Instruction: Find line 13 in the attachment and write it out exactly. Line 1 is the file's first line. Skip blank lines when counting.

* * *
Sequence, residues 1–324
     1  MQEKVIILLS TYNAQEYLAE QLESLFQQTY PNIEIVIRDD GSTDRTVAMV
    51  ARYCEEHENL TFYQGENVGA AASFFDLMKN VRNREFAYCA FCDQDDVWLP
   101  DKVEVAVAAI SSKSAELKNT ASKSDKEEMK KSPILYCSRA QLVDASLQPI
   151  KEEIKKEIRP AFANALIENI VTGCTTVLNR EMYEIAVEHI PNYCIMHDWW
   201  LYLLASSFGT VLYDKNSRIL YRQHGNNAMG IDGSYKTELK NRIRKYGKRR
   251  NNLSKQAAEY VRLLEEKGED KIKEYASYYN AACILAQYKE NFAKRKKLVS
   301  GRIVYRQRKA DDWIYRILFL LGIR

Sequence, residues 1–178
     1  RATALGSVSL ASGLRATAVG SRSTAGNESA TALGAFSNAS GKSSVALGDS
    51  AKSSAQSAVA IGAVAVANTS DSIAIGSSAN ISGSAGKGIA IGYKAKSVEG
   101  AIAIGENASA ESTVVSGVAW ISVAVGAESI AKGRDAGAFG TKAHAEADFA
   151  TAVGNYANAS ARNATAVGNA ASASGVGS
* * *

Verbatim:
   151  TAVGNYANAS ARNATAVGNA ASASGVGS